Kerry is the manager of regulatory policy and sustainable practices at marathon oil marathon oil corporation is an independent oil and natural gas exploration and production company based in houston texas kerry has a chemical engineering degree from ut austin and an mba from rice in her current role carrie is responsible for esg strategy in previous marathon roles she was responsible for sustainable water management at marathon welcome to our panelists and thank you for being with us today i’m going to start with some cute questions about generally about csr corporate social responsibility esg environmental social governance and corporate carbon footprint reduction let’s start with you stacy so shopify is a company that operates largely in the virtual space how did shopify identify its carbon footprint reduction needs targets and how difficult was it to set those targets great thanks so much for having me caitlin and really happy to be on this panel and hopefully we’ll see kathy on here soon but to start um yes you’re right shopify operates in a mostly virtual environment we are a software company so we’re not um you know manufacturing a product we don’t have an overly complicated supply chain so um you know we have a small carbon footprint relative to other industry sectors and so we started by making sure that we had all of the data we needed to calculate our scope 1 scope 2 and scope 3 emissions and that allowed us to evaluate what would be an impactful corporate climate commitment and so back in 2018 we pledged to be carbon neutral and carbon neutral since we were founded in 2004 so we’ve actually gone back and retroactively calculated all of our corporate emissions and we’ve taken responsibility for those by buying high quality offsets now what happened um when we were working through all of that and looking to buy a high quality carbon offset we started to realize that you get what you pay for and if you’re buying a low priced offset in many cases you’re not actually buying the climate benefit that is equal to what your company emitted into the atmosphere so what we noticed was back in 2018-2019 the quality of an offset that we wanted to buy was not readily available and when i talk about a quality offset i mean something that either captures carbon dioxide from the atmosphere or is capturing at the end of uh end of a flu stack at the end at a you know a manufacturing facility where they’re unable to do that without intervention and then the other component of quality is the uh term of the storage how long is that carbon dioxide actually locked away from the atmosphere in other parts of the carbon cycle and what we noticed was what we wanted to buy wasn’t readily available and if it did exist it was very expensive so we started to realize that there was a market disruption that needed to happen so we actually alongside our corporate climate commitment established a five million dollar annual climate fund to support new and emerging solutions and technologies to reverse climate change so that’s how we’re approaching it.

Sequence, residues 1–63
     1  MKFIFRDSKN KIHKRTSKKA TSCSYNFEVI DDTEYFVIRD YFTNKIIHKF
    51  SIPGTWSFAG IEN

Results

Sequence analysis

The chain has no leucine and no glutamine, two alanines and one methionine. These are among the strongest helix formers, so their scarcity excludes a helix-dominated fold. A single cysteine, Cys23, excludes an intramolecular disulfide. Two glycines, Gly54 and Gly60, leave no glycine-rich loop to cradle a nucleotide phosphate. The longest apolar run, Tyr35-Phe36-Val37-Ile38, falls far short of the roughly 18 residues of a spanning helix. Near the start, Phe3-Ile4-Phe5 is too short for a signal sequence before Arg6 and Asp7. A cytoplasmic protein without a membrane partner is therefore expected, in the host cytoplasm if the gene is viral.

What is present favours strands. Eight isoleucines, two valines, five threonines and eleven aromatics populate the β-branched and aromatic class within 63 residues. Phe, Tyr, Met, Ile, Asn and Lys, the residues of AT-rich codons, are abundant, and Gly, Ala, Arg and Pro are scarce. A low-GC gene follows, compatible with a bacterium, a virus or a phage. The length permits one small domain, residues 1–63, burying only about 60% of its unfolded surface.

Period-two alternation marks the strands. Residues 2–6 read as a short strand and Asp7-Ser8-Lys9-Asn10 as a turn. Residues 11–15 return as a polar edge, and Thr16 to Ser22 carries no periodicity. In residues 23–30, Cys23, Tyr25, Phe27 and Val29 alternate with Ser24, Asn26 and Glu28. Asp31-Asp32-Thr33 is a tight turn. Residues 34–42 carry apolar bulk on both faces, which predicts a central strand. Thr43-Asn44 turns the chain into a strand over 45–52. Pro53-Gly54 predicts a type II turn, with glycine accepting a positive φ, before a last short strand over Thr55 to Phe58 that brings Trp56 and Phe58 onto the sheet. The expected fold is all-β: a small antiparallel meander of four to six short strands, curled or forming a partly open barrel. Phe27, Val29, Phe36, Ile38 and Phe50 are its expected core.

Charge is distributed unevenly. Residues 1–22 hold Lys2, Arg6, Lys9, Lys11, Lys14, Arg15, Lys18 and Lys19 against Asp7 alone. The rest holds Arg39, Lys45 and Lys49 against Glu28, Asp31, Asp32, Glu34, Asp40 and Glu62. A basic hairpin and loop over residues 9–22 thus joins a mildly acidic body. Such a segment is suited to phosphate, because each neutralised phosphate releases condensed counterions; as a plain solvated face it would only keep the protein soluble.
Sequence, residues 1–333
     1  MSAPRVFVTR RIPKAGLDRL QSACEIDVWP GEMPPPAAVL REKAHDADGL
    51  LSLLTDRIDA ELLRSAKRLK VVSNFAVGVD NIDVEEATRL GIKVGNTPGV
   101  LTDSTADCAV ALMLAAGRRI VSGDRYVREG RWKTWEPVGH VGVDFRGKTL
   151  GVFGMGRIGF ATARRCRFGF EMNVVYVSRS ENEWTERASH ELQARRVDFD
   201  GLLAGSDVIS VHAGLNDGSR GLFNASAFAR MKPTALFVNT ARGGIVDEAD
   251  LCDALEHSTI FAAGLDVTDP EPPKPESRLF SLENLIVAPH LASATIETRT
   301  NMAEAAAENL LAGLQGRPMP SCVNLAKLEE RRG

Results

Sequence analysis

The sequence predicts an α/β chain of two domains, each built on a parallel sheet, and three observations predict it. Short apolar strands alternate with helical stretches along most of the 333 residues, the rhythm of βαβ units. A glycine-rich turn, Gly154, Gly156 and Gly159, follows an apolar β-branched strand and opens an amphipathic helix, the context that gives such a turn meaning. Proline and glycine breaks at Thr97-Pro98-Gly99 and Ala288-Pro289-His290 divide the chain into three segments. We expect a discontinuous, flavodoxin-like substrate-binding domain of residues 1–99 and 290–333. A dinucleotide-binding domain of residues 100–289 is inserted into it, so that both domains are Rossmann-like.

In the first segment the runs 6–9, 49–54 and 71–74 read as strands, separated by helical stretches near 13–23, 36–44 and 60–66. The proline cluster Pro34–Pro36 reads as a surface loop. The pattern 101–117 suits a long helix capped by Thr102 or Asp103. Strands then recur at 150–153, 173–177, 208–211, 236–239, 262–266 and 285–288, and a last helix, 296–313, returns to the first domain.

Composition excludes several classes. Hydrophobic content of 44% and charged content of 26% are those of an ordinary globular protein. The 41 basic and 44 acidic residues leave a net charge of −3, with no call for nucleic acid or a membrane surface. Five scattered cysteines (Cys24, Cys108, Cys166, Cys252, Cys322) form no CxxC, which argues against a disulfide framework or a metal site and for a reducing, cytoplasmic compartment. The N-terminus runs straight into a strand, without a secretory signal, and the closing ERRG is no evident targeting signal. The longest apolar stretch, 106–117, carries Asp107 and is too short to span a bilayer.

The difficulty we had was wanting to buy carbon credits that didn’t quite exist yet thank you um for that let me switch over to um to carry for this question so marathon is different from shopify and that it very much operates with a physical presence um for similar companies with an industrial footprint making changes to the carbon footprint or setting and achieving targets can seem pretty daunting so i just wanted to start with you of how marathon got started in this process what are marathons targets and how difficult was it to set targets as a company hi katelyn well first i will apologize because i have now used to stop gap being on my cell phone so if i cut in and out it’s kind of you know we’re all working through the issues presence we have a lot of technology and installations that are in the field things for us was to really understand what our emission profile was uh where those missions were coming from and then to start to work out a roadmap or a plan on what we were going to you know we’re populated uh by engineers and so the data was very important for us to to get our head around and then we also corporately we initiated that’s to participate in it and also other multi disciplines you know we had law we had all these groups to kind of work as sort of an internal think tank on how we were going to go about this because our executives were very clear in saying that they wanted a concrete goal that was in a time frame that the people that were still here were going to need to execute in and they wanted to know how we were going to get there not a build it and they will come so we established our a 25 goal for an emissions intensity and what that basically means are emissions over you know what we provide for those and that goal is a 15.5 emissions intensity which is roughly a 50 reduction from our 2019 baseline which is what we were looking at when we kind of started the whole process great thank you for that overview so as you know as many of you know this is this can be very um complicated right to not only do the admissions inventory and decide on boundaries and that sort of thing but then to get as Karry mentioned the plan what is the concrete plan uh to help guide us to those targets so we appreciate that overview.